• If we accept the labor of Mexican immigrants (and in California we do, and it keeps our farms afloat, and food in the stores) then school lunches and healthcare for their children is a small price to pay. You say bleeding heart, I say basic human decency towards a workforce we completely depend on.

      Another thing to consider — what is the social cost down the road if we don’t feed children and provide healthcare?

      • What is the cost if we don’t all somehow find the value in learning to live together….as I’ve said before: If we don’t all learn to live together, we will surely all die together.

    • Hmmmm...

      I think JD seems a great guy but I think he’s rather naive concerning immigration and more importantly, integration.

      It would be great if we all got along, buried our differences here on Earth but it’s not Star Trek. It’s a fact that some people immigrate but simply don’t want to integrate. I’m all for immigration for refugees (I remember the Vietnamese boat people of the late 1970s). I’m not for all and sundry moving to my country simply because we have a higher minimum wage.

      Yesterday we had the horrific terrorist attack in Berlin. Merkel said it would be difficult to bear if the attacker had been one of the MILLION Syrian migrants that she let in in the past year or so.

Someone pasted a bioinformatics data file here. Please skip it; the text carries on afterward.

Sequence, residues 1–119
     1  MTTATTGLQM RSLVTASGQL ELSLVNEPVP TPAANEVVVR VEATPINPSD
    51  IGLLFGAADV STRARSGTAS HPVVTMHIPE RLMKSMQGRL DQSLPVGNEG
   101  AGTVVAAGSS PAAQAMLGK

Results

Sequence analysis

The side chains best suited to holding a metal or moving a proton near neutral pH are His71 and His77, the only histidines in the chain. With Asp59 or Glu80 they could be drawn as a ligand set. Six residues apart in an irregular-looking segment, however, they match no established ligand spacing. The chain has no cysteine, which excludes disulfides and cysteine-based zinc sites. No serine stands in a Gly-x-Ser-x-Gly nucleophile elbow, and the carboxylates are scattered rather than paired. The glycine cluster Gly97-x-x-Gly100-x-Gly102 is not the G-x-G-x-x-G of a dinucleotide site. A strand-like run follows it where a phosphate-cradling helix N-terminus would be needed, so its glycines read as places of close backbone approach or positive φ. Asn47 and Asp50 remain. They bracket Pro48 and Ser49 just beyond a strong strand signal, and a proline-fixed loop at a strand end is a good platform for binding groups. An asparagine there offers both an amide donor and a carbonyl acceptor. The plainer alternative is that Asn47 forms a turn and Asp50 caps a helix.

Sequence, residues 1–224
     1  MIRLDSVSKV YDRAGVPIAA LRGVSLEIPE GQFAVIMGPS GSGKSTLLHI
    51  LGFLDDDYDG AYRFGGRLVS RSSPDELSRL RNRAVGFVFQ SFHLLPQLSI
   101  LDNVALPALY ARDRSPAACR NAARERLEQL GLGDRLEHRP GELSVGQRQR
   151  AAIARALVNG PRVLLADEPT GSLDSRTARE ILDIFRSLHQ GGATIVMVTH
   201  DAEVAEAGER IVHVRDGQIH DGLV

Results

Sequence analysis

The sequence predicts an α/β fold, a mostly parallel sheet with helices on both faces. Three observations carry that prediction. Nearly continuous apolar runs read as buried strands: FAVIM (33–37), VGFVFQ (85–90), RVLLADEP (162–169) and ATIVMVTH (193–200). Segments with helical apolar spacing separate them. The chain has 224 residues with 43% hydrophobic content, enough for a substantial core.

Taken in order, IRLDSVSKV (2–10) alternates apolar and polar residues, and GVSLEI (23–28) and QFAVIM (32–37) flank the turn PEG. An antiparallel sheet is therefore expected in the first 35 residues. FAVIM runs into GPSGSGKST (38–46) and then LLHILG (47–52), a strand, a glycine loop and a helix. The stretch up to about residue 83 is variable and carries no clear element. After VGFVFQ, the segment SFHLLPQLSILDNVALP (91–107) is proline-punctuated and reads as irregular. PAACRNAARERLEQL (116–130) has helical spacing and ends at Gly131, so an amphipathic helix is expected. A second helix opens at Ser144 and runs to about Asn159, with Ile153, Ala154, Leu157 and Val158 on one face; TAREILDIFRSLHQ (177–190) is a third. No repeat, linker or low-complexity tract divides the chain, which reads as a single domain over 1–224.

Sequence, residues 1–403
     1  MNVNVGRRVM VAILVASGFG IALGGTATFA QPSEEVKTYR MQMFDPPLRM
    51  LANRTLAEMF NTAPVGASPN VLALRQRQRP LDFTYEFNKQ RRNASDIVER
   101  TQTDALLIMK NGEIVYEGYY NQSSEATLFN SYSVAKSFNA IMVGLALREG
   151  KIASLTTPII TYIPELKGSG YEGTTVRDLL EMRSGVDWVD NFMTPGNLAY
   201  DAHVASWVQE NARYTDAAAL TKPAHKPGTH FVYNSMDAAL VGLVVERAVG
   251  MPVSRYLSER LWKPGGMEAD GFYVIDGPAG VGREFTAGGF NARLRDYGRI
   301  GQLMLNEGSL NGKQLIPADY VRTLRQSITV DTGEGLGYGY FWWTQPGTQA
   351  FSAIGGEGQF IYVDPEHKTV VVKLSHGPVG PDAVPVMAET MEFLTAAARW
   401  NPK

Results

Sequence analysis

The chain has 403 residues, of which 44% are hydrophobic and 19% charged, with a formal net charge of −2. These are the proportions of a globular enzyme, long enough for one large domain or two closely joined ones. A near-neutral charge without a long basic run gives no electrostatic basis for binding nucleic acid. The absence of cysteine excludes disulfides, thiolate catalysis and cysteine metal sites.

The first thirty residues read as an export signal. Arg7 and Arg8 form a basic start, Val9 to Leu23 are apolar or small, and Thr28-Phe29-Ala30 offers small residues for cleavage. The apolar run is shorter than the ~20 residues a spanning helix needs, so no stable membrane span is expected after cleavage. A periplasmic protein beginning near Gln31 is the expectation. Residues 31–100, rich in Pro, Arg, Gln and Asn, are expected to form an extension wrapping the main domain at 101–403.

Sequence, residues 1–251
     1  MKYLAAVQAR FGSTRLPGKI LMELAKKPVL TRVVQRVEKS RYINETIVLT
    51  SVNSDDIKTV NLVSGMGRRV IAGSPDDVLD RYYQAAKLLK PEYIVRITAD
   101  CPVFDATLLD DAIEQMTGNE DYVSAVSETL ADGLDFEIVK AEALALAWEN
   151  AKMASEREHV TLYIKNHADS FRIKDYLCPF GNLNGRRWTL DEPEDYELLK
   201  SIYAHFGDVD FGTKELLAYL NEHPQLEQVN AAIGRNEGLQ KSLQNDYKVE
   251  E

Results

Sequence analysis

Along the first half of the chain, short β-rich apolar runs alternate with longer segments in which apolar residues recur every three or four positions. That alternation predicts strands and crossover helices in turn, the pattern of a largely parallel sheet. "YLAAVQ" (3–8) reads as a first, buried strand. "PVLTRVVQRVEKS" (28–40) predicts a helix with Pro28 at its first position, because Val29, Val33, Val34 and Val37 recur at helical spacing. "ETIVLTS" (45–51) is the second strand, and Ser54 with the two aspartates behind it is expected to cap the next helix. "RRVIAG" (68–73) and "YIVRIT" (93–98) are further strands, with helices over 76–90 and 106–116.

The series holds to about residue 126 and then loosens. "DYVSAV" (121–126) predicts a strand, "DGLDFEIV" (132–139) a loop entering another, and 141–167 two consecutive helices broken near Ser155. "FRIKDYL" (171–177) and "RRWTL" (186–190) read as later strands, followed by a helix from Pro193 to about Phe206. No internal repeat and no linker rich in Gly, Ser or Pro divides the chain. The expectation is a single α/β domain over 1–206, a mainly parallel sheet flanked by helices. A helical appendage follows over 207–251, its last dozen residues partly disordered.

Or how about the women that were attacked by migrants on New Year’s Eve in Cologne and in other German cities? They were NOT isolated incidents. Over 1,500 incidents were reported.

      Do you see what I’m saying? It’s not racist to be concerned about immigration. For information, in the UK, we let in 330,000 people last year. 330,000 is more than the population of the city I live in… in one year… Someone please agree with me and say that is INSANE.

      Where are all these people going to live?
      Who’s going to pay for the services they’re going to use?
      Why should we even have to put up with it?

      I’m “Hmmmm…” from the first comment, by the way so my bias is towards the UK and Europe.

      • Not racist to be concerned about behavioral norms, respectable behavior, or the rule of law in your country. It is racist to hold an entire ethnic group accountable for the behavior of a few. “Those types are problematic” is a racist attitude. Some individuals are, some aren’t.

        So in terms of immigration, what are the criteria, if not “Muslim” or “Syrian”? What’s wrong with individual background checks? (And ethnicity, religion, and nationality are not the same thing, but there are overlapping issues).

        Yes, obviously, terrorism perpetuated by Muslims is a real problem in Europe. I don’t want to gloss over that. And if you want to vote to reduce or stop immigration into your country, that’s your right as a citizen in most democracies.